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Pulmonary microvascular architecture in hereditary haemorrhagic telangiectasia
  1. Maximilian Ackermann1,
  2. Steven J Mentzer2,
  3. Wilfried Roth3,
  4. Urban Geisthoff4,
  5. Erich Stoelben5
  1. 1Institute of Functional and Clinical Anatomy, University Medical Center of the Johannes Gutenberg University Mainz, Mainz, Germany
  2. 2Division of Thoracic Surgery, Department of Surgery, Brigham and Women's Hospital, Harvard Medical School, Boston, Massachusetts, USA
  3. 3Institute of Pathology, University Medical Center of the Johannes Gutenberg University Mainz, Mainz, Germany
  4. 4Department of Otorhinolaryngology, Essen University Hospital, Essen, Germany
  5. 5Department of Thoracic Surgery, Cologne-Merheim Hospital, Kliniken der Stadt Köln gGmbH, Witten-Herdecke University Hospital, Cologne, Germany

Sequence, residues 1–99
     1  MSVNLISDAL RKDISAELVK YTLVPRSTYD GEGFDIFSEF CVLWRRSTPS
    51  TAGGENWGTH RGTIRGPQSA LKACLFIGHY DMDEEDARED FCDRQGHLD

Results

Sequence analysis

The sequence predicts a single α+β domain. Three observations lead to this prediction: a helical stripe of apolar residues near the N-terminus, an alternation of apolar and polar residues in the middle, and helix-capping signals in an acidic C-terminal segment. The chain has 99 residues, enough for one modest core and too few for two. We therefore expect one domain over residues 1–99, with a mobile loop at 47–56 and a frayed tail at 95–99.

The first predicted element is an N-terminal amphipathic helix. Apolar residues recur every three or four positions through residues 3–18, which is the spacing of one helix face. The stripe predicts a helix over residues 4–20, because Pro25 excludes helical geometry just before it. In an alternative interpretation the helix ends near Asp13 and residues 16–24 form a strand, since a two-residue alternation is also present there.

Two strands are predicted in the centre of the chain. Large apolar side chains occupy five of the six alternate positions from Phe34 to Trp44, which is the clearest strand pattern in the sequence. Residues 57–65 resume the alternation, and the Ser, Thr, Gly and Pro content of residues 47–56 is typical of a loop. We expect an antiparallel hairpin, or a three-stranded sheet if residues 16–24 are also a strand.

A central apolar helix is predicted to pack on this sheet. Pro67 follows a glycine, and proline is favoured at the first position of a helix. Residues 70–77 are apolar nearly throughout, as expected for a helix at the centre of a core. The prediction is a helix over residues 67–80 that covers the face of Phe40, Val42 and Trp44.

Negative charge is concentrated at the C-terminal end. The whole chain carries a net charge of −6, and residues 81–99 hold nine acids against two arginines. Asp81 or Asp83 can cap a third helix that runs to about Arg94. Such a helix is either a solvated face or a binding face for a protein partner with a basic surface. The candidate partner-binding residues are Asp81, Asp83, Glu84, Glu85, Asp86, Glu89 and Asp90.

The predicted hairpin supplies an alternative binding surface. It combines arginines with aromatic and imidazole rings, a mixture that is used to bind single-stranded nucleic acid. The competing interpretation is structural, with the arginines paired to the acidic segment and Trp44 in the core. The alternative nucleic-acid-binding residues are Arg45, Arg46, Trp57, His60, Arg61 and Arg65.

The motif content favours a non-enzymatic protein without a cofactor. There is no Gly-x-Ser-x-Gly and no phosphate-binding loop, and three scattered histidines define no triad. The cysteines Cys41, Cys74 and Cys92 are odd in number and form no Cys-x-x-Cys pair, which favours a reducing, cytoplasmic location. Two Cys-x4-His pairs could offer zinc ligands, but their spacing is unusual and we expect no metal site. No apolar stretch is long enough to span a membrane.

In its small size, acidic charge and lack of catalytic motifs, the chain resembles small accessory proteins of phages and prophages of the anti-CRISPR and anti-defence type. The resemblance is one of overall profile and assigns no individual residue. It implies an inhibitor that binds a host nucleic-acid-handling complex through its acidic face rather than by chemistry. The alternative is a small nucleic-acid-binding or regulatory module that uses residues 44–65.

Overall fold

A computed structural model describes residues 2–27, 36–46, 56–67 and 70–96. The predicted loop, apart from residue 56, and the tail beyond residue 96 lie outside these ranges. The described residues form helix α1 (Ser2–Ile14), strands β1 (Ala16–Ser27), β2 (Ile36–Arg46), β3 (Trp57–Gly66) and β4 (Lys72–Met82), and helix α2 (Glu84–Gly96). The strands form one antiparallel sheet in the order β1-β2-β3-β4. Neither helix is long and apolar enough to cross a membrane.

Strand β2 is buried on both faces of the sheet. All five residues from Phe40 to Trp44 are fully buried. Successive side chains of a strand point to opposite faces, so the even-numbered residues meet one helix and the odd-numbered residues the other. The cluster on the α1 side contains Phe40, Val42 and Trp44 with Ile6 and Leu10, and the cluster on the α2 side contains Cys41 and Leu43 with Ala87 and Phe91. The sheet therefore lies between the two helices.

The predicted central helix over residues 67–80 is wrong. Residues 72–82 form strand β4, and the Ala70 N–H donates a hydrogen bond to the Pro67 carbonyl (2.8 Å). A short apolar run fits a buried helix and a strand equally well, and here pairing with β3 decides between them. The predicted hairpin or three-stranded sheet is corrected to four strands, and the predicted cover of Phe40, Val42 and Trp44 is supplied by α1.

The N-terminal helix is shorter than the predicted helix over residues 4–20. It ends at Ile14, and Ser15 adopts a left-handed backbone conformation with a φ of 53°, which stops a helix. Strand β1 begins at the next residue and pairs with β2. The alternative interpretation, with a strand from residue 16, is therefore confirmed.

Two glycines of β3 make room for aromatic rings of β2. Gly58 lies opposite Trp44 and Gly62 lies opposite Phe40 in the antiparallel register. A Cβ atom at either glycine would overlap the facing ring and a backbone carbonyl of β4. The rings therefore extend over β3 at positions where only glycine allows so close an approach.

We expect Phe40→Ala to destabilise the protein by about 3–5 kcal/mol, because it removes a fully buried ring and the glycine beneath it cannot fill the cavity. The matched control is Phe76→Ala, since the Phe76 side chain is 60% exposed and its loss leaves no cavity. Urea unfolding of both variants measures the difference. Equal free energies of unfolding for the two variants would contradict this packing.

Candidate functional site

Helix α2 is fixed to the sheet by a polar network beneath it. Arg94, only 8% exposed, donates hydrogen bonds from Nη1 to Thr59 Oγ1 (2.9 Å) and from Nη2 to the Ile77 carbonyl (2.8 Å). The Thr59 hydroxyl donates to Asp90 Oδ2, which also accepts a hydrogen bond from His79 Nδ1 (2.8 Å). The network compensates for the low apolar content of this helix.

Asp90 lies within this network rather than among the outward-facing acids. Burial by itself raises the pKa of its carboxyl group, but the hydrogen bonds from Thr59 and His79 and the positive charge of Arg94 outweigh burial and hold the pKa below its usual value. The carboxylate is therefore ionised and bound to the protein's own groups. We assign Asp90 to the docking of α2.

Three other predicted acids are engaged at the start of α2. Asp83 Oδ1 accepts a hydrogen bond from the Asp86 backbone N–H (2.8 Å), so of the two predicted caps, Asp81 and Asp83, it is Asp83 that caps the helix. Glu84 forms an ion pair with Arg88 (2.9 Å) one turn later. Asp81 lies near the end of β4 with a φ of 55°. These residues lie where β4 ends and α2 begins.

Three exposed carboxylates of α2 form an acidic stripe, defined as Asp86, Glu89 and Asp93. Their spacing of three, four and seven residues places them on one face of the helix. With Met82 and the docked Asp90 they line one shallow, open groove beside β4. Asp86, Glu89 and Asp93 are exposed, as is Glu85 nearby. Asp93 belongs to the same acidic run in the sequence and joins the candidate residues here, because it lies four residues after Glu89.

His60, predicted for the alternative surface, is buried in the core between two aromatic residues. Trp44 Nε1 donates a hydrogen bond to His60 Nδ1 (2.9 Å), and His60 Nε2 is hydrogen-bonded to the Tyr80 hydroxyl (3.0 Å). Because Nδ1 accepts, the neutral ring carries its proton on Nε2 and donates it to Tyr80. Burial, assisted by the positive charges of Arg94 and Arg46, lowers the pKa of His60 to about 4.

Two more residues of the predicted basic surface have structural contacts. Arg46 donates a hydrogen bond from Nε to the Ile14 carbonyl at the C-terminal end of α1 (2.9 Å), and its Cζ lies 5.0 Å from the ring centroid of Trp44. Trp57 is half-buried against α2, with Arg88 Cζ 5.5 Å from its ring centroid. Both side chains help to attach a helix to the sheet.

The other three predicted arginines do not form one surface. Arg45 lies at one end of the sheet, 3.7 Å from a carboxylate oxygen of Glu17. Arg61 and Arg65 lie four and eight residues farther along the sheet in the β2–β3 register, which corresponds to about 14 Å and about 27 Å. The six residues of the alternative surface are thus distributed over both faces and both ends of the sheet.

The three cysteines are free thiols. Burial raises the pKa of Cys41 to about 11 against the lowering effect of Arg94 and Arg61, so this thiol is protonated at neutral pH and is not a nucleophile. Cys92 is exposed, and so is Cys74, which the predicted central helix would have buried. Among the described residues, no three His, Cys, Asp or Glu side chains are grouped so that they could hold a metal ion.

1. Correspondence to Dr Maximilian Ackermann, Institute of Functional and Clinical Anatomy, University Medical Center of the Johannes Gutenberg University Mainz, Johann-Joachim-Becher-Weg 13, Mainz 55128, Germany; maximilian.ackermann{at}uni-mainz.de

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A 24-year-old Caucasian man was admitted with a known hereditary haemorrhagic telangiectasia (HHT) and heterozygous mutation of factor V Leiden following episodes of cerebral infarctions in occipital lobes, cerebellum and brainstem. In his case history, the patient underwent several interventional embolisation of arteriovenous (AV) malformations in the middle and lower lobes (figure 1). However, those were not completely successful as the malformations were diffuse. We performed video-assisted thoracoscopic surgery with a resection of the middle lobe and a wedge resection of segment 10.

Figure 1

CT scans depict the pulmonary arteriovenous malformations after re-embolisation in the middle lobe.

HHT (Osler-Weber-Rendu disease) is an autosomal-dominant disease determined by multiple dilated vessels including mucocutaneous telangiectasias and vascular malformations of visceral organs resulting in recurrent epistaxis, gastrointestinal bleedings, paradoxical emboli, cerebral infarctions and abscesses.1 In about 55% of patients with HHT type 1 (HHT-1) and about 10% of patients with HHT type 2 (HHT-2), large pulmonary arteriovenous malformations (PAVMs) are …

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